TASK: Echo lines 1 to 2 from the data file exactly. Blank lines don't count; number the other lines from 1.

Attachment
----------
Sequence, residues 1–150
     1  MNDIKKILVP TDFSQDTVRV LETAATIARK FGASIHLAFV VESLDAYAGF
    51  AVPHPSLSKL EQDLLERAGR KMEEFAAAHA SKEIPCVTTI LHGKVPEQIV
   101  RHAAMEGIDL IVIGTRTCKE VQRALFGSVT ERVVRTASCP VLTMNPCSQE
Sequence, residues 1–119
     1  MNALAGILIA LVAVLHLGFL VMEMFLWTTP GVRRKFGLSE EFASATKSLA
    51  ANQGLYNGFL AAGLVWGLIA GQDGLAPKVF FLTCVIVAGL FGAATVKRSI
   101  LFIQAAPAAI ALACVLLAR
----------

Sequence, residues 1–150
     1  MNDIKKILVP TDFSQDTVRV LETAATIARK FGASIHLAFV VESLDAYAGF